News Releases from Region 09
U.S. EPA requires Orange County contractor to protect residents from lead-based paint dangers
SAN FRANCISCO – The U.S. Environmental Protection Agency recently fined Clearview Home Improvements Inc. $58,450 for failing to comply with the federal Renovation, Repair and Painting Rule while working at seven residential properties in Southern California. This rule was created to protect the public from lead-based paint hazards that occur during repair or remodeling activities in housing built before 1978.
“While renovations can make homes energy efficient, it is crucial to protect residents from the hazards of lead paint dust,” said Alexis Strauss, EPA’s Acting Regional Administrator for the Pacific Southwest. “Lead-based paint is the main source of lead poisoning for children, and even low levels of lead in their blood can cause irreversible harm.”
Clearview, which operates as Clearview Home Energy Solutions, is located in Anaheim. The company performs energy efficient home improvements, such as installing windows and vinyl siding. An EPA inspection found that in 2013 the company performed renovation work at pre-1978 homes in Los Angeles, San Pedro, Huntington Beach, Carson, Mission Viejo and Riverside without:
- confirming that a certified renovator, who ensured compliance with the Renovation, Repair and Painting Rule, was assigned to the job
- keeping records to show that the renovator complied with lead-safe work practices
- maintaining proper certification as a Renovation, Repair and Painting firm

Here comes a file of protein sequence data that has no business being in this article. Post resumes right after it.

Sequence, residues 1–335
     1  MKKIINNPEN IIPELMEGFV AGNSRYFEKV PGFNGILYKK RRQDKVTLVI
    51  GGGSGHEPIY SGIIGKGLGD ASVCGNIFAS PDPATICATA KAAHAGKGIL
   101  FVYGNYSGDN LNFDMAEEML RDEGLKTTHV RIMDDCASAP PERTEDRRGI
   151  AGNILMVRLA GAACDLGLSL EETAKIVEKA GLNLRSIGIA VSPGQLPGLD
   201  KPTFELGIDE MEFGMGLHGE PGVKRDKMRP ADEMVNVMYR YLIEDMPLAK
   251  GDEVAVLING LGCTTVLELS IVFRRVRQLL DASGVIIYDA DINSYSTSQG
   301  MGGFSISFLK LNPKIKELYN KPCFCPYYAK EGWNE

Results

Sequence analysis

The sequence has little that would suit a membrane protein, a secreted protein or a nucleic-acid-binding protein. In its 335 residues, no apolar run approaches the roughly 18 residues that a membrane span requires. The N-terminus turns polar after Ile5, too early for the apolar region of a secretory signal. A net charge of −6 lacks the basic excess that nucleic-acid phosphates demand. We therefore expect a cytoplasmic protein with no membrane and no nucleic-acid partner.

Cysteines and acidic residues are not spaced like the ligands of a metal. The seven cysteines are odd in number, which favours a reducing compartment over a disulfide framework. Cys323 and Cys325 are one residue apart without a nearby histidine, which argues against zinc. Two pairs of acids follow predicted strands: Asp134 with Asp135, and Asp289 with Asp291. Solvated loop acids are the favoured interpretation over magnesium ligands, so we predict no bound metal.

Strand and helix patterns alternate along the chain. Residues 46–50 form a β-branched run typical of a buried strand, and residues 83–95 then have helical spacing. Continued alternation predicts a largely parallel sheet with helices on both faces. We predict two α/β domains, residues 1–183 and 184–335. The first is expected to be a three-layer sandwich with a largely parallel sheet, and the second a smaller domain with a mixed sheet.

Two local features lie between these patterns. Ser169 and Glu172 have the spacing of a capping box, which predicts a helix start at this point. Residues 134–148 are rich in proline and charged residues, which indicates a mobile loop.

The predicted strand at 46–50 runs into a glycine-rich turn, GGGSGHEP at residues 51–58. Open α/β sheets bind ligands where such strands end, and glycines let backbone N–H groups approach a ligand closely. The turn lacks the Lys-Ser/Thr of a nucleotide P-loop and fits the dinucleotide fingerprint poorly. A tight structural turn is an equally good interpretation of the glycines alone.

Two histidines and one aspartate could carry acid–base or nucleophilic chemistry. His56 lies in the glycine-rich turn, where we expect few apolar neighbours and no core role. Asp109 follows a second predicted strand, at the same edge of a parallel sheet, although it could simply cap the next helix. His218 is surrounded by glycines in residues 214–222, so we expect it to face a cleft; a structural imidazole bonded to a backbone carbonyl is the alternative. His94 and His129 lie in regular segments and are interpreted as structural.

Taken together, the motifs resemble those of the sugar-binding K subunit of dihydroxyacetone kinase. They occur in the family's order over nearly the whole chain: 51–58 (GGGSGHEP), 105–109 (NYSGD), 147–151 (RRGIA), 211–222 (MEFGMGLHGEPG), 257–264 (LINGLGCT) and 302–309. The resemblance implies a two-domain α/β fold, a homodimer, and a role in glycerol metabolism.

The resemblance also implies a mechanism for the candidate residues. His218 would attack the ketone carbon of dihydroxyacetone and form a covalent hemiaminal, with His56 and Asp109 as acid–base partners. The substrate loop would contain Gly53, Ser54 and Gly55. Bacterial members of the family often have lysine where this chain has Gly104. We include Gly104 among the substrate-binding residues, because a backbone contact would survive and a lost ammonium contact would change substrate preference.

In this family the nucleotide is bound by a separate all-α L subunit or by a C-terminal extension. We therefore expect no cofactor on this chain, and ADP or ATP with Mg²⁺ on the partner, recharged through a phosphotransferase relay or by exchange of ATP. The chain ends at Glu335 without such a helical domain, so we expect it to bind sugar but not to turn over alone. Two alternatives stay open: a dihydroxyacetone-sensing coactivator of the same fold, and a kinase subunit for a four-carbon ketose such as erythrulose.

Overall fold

- providing clients with the required federal Renovate Right brochure, which gives basic facts about lead and information about lead safety during renovation work
Lead-contaminated dust can be easily ingested or inhaled. Common renovation activities like sanding, cutting, and demolition can create hazardous lead dust and chips that can settle on home surfaces. Exposure to such contamination through hand-to-mouth contact or breathing can result in lead poisoning for children, families and construction workers.
Though harmful at any age, lead exposure is most dangerous to children. Children’s growing bodies absorb more lead, and their brains and nervous systems are more sensitive to its damaging effects. Lead exposure can cause behavior and learning problems, slowed growth, hearing problems, and diminished IQ. Children can be checked for lead with a simple blood test.
EPA enforces the federal Toxic Substances Control Act and its Renovation, Repair and Painting Rule to protect residents from exposure to lead-based paint hazards. Contractors who disturb painted surfaces in homes and child-occupied facilities built before 1978 must be trained and certified; must provide educational materials to residents; and must follow safe work practices. Lead-based paint was banned for residential use in 1978, but EPA estimates that it is still present in more than 37 million older homes in the United States.
Notify EPA about lead-based paint rule violations in California: https://www.epa.gov/region-9-documents/pacific-southwest-lead-based-paint-tips-complaints
Find a certified contractor in your area: http://cfpub.epa.gov/flpp/searchrrp_firm.htm
Learn about lead-based paint requirements and hazards: http://www2.epa.gov/lead